In the spirit of Hogan Rebel’s new project The Rebel Journey, we chart the most fashionable rogues on film
How do you go about defining a rebel? Is it the desire to defy all dead-set rules or an unfaltering ambition for non-conformity? For its latest editorial project, shoemaker Hogan Rebel has defined rebels as those who shine, “reaching for infinity, striving to surpass all limits, to outdo themselves and their own art, character and wit."
Adopting the spirit of rebellion, they have immersed themselves in a search for those who personify boldness, steadfastness, irreverence and beauty. From designers to DJ’s, they have unearthed rebels who give Kerouac a run for his money – Nick Fouquet, Paola Pivi, Ivan Olita, Pierre Sarkozy, Caity Lotz and Frederik Ottensen – each of whom take us on a journey with their video, words and images. Whilst fashion and rebellion go hand in hand, Hogan Rebel have sniffed out a new breed of rebels. So, we thought it apt to pay homage to some of the most fashionable rogues from the past, including Lula Fortune from Wild at Heart, Amy Blue from The Doom Generation and Jennie from Kids…
In this movie, mute femme fatale George (cult teen-queen Rose McGowan) joins devilish forces with two escaped convicts on the road to New Mexico in search of a gold mine. From George’s drug-baron tarred history to Lewis’s trigger-happy persona, there are warning bells from the off-set and this unity makes for a troublesome trio. But whilst George adopts silence, her sense of style speaks for itself – leopard fur coat, hot-pants and jet-black bangs with one vital accessory, a gun.
Chlöe Sevigny made her debut on-screen appearance as the controversial Jennie in Larry Clark's 1995 cult film Kids. With her doe-eyed stare, boyish haircut and androgynous clothes to match, she battles with HIV on screen, in a film which paints a landscape of youth-culture riddled with drugs, underage sex and debauchery. We couldn't resist putting her on the cover of Dazed, shot by Rankin in 1996.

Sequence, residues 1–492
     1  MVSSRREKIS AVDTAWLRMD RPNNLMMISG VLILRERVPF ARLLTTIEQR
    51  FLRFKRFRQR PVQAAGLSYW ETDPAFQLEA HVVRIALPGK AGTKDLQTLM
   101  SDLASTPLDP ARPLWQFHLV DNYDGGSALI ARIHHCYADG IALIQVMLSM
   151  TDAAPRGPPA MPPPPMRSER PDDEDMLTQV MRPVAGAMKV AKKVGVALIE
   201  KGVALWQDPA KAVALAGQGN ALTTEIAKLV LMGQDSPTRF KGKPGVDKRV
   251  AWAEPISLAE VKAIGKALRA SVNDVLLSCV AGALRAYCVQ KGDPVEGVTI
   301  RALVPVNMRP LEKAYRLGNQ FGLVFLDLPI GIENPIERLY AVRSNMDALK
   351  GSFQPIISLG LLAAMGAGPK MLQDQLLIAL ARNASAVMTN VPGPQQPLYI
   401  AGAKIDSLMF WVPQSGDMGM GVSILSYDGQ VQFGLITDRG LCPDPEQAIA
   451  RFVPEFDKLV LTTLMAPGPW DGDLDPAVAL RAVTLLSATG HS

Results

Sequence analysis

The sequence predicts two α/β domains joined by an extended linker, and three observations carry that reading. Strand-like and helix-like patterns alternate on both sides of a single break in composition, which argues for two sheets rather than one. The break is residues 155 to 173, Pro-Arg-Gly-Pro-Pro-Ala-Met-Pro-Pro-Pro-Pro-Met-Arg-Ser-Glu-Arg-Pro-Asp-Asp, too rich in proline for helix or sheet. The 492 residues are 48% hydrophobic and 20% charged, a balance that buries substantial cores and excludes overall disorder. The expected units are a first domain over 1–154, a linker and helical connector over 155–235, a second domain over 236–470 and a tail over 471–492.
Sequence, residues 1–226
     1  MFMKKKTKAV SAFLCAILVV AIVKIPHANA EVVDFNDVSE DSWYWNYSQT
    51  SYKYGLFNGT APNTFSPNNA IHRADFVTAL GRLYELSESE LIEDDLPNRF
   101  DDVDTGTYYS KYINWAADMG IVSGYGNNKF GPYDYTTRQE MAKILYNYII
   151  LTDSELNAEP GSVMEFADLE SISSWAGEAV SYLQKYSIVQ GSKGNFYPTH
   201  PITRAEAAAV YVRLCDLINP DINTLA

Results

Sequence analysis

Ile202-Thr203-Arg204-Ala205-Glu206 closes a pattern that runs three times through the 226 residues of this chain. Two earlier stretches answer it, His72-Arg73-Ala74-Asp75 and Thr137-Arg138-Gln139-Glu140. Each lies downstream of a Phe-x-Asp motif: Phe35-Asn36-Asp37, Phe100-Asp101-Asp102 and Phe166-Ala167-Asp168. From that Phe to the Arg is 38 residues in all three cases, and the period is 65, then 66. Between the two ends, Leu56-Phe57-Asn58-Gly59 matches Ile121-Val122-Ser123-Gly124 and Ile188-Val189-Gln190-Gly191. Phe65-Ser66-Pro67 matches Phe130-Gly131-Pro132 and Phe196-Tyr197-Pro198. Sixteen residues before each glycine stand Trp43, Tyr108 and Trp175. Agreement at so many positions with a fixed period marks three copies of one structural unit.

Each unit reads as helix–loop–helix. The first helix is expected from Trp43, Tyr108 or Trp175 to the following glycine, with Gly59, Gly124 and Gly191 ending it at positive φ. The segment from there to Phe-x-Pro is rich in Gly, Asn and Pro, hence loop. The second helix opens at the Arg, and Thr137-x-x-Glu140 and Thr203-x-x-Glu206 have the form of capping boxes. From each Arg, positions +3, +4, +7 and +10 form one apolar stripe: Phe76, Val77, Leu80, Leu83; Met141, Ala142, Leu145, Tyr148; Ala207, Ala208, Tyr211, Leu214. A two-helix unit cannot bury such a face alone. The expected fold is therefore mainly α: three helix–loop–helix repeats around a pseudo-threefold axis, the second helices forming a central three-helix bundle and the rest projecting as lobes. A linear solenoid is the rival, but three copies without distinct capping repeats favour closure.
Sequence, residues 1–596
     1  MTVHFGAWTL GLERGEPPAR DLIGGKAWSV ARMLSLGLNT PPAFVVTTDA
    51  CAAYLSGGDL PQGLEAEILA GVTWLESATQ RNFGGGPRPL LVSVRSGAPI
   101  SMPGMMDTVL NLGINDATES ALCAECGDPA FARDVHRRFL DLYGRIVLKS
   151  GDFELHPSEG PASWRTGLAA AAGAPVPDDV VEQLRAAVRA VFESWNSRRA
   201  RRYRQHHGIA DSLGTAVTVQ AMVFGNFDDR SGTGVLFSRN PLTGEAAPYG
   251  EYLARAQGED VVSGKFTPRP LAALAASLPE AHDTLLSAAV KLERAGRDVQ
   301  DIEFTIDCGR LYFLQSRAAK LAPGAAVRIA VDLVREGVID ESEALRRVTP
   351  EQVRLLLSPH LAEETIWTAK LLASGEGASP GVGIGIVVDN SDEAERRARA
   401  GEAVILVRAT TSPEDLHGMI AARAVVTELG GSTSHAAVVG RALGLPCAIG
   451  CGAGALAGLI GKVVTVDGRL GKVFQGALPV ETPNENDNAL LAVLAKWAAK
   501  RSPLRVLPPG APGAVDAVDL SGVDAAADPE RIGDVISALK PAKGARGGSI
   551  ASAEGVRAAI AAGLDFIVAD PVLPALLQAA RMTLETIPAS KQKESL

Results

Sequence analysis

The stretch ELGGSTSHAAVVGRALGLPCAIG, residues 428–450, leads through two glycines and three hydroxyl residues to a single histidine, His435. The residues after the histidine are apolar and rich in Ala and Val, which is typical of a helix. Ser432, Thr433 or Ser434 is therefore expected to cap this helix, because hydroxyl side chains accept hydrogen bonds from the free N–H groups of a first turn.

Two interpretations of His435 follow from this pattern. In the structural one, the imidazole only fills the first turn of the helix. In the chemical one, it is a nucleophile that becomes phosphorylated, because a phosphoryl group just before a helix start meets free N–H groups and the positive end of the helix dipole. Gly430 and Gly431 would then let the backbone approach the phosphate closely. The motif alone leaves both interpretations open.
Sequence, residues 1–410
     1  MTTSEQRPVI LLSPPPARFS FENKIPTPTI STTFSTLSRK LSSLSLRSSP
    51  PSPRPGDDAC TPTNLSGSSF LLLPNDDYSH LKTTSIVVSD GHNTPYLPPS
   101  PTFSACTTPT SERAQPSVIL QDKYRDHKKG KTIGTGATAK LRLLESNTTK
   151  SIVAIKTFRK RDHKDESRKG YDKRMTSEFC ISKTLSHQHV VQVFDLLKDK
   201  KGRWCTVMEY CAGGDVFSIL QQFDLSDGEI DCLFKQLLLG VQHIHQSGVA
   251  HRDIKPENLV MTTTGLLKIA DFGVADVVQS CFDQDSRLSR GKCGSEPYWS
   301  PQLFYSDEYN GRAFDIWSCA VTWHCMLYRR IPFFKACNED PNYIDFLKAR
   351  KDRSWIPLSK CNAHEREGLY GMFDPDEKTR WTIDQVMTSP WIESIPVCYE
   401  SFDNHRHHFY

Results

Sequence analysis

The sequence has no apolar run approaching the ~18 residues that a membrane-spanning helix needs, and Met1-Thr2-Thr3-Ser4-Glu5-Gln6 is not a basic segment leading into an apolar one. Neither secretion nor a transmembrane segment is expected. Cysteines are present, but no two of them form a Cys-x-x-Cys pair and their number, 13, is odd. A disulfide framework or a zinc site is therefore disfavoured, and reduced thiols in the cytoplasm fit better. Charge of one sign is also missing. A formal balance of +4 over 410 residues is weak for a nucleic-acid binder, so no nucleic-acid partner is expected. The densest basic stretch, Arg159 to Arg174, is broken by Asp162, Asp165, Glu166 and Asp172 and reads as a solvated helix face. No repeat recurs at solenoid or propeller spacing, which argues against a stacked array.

In David Lynch’s 1990 crime thriller, Lula and her boyfriend, Sailor, are on the run from her tyrannical mother. Lula’s style is illustrative of her life of mayhem on the road – tight black dresses, loosely crimped hair, a leather jacket thrown over one shoulder, a slick of red lipstick and a pair of wild red stilettos, just for good measure.
It would be unjust to chart on-screen rebels without giving a special mention to Amy Blue in The Doom Generation. Another of McGowan’s iconic characters, speedfreak Amy Blue is trapped in a seedy realm of violent eroticism and motels dripping with sex in a dark and twisted underworld. Her rebellion is far from desirable, however her sense of style is quite the opposite – perspex cat-eye glasses and PVC outerwear are staples in the heat of 90s nostalgia.
A drug-smuggling call-girl has never before looked so sickly sweet. Teaming pink leopard leggings and cow-print skirts with peasant blouses and matchy-matchy lingerie, Alabama Whitman’s trashy but cute Americana wardrobe disguises her darker, far more aggressive side. A wizard with a corkscrew, her skills surpass merely cracking open a bottle of wine...
A teenage junkie, criminal and murderer who escapes jail by way of conspiracy, Nikita is subjected to a far more thrilling fate. Trained as a top-secret assassin, the style-savvy seductress works a gun and heels like no other, making her transition from drug-popping degenerate to femme fatale all the more intriguing.
The awkward moment where you ask your parents to explain the birds and the bees…. Like Kids, The Ice Storm isn’t afraid to confront adolescent, or even prepubescent sex, exploring the concept with humour. Much to the awkward embarrassment of her father, Wendy manages to seduce her male family friend whilst wearing a Richard Nixon mask, a task made possible by her sexual precocity.
Played by Hillary Swank, transgender Brandon Teena is subjected to abuse, rape and eventually murder by his male acquaintances who are unable to come to terms with the fact that he is anatomically female. Boys Don’t Cry explores love, identity and courage in the rawest sense, fuelled by the fact that it actually recounts the real life story of Brandon Teena who was murdered in 1993.
Michael Beck plays Swan in Walter Hill’s cult action thriller The Warriors, a superlative account of gang warfare and the spiral of destruction. Always dressed in a leather waistcoat, Swan is a born leader. He’s a muscle-clad fighter and a man of very few words – the ultimate 1970s bad-boy pin-up.
John Waters' 1990 teen comedy stars a young Johnny Depp as 1950s Baltimore bad-boy Cry-Baby. Dressed in rugged leather and frayed denim with super-slicked back hair, he transforms from devilish delinquent to dreamy and desirable when he wins over the heart of good-girl Allison, making him a rebel with a cause (and a heart for that matter).
You can follow The Rebel Journey at Milan Design Week this April by signing up with Hogan Rebel